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The Rose Bush in The Scarlet Letter: Symbolism

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  • 0:01 The Rose Bush Appears
  • 1:05 Symbolic Role
  • 1:53 Nature as a Friend
  • 3:04 Anne Hutchinson
  • 4:44 Symbol of Pearl
  • 6:01 Lesson Summary
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Lesson Transcript
Instructor: Terri Beth Miller

Terri Beth has taught college writing and literature courses since 2005 and has a PhD in literature.

The rose bush at the prison door is an important symbol in Nathaniel Hawthorne's 1850 novel 'The Scarlet Letter.' This lesson argues that the rose bush signifies Hawthorne's Romantic views of nature as passionate, beautiful, and free.

The Rose Bush Appears

Have you ever been having the worst day of your life, when all of a sudden something beautiful - a rainbow, a sunset - catches your eye and makes you feel better? That is precisely what happens to Hester Prynne as she is led from the prison house to the scaffold at the center of town to face the condemnation of the entire community in Nathaniel Hawthorne's 1850 masterpiece, The Scarlet Letter.

As she is led from her cell, Hester endures what must be the most agonizing, humiliating, and frightening moment of her life. After all, in Hester's Puritan community (a community pledged to social purification through a strict interpretation of the Bible) in 1640s Massachusetts Bay Colony, adultery could - and did - get people executed.

But then Hester sees the rose bush blooming in all its magnificent glory at the side of the prison door. It is wild and beautiful, strong and enduring. It is an unexpected exuberance that brightens that forbidding, punishing darkness of the prison house.

Symbolic Role

The rose bush serves a key symbolic role in Hawthorne's novel. Hawthorne was a leading figure in the American Romantic movement, an aesthetic and philosophical movement that esteems the natural world above the world of progressive civilization. We modern folks, Hawthorne suggests, are corrupted by our social institutions, beaten down and imprisoned by them, just as Hester was literally and figuratively imprisoned by the scarlet letter she wears and the eternal shame for having followed her passion for her unknown lover, the Reverend Dimmesdale.

But, the natural world is free, beautiful, sincere, unapologetic, and passionate. The rose bush symbolizes nature in its potency, solace, and freedom.

Nature as a Friend

Hester is comforted by the sight of the rose bush at a moment when she doesn't have a friend in the world. She is the town pariah, or outcast, because in her Puritan community, one person's sin is seen as a contamination of them all.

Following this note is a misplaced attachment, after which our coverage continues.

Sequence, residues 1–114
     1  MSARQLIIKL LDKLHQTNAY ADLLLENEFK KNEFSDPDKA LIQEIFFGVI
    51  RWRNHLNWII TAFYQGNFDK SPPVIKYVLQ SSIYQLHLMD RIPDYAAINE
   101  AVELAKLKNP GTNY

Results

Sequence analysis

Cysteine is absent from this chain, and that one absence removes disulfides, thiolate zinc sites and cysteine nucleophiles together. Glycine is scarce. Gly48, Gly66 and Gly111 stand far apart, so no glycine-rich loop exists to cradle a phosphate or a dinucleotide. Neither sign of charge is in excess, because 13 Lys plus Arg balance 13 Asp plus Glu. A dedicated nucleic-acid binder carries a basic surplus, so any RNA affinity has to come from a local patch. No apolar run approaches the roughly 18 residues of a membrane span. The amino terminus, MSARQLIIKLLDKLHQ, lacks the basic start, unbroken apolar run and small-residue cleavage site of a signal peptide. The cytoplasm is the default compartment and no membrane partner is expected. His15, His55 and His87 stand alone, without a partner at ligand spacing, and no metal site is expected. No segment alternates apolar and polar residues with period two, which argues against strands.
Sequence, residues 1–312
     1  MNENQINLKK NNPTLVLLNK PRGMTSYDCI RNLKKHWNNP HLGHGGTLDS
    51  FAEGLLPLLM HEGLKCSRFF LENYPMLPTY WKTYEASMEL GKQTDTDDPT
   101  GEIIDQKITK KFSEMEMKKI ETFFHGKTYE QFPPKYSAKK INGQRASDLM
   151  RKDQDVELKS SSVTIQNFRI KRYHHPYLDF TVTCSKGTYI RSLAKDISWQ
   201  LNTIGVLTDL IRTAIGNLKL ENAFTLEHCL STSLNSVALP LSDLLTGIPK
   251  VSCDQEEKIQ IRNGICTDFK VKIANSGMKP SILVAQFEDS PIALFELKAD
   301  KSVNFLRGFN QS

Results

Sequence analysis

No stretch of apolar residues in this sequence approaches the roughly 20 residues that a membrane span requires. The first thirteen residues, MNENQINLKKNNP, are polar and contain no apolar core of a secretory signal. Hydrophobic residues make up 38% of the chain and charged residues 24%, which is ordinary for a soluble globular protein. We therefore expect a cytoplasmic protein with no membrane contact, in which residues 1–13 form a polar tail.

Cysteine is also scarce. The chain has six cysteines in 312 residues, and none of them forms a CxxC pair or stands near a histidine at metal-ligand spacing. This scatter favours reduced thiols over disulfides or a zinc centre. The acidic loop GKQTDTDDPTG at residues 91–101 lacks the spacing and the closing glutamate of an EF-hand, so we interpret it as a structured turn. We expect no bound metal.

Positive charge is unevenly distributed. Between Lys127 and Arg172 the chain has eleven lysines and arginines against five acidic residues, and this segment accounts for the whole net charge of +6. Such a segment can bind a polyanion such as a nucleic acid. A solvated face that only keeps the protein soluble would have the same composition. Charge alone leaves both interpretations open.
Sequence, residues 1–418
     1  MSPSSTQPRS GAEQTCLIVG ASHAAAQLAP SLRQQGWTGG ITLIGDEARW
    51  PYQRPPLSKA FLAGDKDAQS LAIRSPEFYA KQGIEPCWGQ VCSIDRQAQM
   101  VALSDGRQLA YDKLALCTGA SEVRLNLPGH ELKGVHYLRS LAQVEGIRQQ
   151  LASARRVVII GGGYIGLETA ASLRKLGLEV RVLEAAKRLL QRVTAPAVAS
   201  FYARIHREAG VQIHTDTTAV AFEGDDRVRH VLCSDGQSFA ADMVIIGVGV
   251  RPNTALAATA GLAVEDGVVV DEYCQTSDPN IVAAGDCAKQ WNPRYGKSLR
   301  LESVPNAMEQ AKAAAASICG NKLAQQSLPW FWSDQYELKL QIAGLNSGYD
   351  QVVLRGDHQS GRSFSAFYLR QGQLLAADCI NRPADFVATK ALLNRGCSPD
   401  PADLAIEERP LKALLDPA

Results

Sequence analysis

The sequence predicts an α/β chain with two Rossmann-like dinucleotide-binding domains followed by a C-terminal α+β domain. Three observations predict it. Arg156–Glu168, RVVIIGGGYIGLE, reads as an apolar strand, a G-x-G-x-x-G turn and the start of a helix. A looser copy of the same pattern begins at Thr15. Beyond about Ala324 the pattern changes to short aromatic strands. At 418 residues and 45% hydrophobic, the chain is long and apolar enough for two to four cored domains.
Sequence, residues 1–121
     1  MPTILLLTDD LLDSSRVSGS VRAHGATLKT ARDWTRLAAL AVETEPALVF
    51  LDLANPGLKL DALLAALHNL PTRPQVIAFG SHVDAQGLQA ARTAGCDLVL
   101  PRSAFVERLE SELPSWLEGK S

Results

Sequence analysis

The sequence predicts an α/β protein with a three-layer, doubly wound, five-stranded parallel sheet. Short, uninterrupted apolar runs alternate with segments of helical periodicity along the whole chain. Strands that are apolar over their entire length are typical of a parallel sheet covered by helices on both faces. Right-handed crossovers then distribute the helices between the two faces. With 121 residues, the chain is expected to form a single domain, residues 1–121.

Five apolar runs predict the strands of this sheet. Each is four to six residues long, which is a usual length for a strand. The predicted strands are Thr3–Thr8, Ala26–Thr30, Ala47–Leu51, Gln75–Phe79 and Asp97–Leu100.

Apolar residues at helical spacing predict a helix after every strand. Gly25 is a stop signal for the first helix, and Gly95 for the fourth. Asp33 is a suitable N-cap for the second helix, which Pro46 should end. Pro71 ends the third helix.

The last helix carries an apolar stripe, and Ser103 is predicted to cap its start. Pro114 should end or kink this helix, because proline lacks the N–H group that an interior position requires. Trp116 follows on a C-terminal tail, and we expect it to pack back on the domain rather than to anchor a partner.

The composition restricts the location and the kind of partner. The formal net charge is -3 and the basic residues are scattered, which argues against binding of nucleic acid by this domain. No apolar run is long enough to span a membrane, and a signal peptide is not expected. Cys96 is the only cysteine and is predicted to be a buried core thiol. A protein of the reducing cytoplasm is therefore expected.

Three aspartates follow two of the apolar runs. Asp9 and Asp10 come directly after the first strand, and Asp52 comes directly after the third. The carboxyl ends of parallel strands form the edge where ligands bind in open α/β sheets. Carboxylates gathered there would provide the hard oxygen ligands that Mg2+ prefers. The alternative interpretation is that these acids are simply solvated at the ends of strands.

But Hawthorne, true to his Romantic ideals, suggests that nature is always a friend to man. Society can be cutthroat, treacherous, and oppressive, but nature is a kind and soothing balm. Nature knows and forgives humanity when humans can't forgive each other - or themselves.

Of the rose bush, Hawthorne writes that its blooms 'might be imagined to offer their fragrance and fragile beauty to the prisoner as he went in, and to the condemned criminal as he came forth to his doom, in token that the deep heart of Nature could pity and be kind to him.'

Social institutions - from prison systems to the government laws that create them - cannot offer the compassion and understanding that nature so freely gives. Hawthorne in this way seems to ask if our modern society is really the force of progress we celebrate it to be. Or does it make us more barbaric than nature ever could be?

Anne Hutchinson

As the narrator describes Hester's rose bush, he recalls a legend that suggests that the rose bush sprang up magically from the spot where Anne Hutchinson (1591-1643) stepped as she was being led to prison.

Anne Hutchinson fought the Puritan clergy in Massachusetts Bay Colony, arguing they were becoming too powerful. She feared that religious doctrine and its ministers were contaminating parishioners' relationship with God. The community, she argued, was all too often forced to submit to the clergy and not to the commandments of their own consciences.

Hutchinson also struck a blow for women in Puritan Massachusetts and for their right to tend to the state of their own souls. She was not swayed by the patriarchal (male-driven) models of her time, which held that men were to be the priests of the home and women were to submit to them in all matters, including - and especially - church matters.

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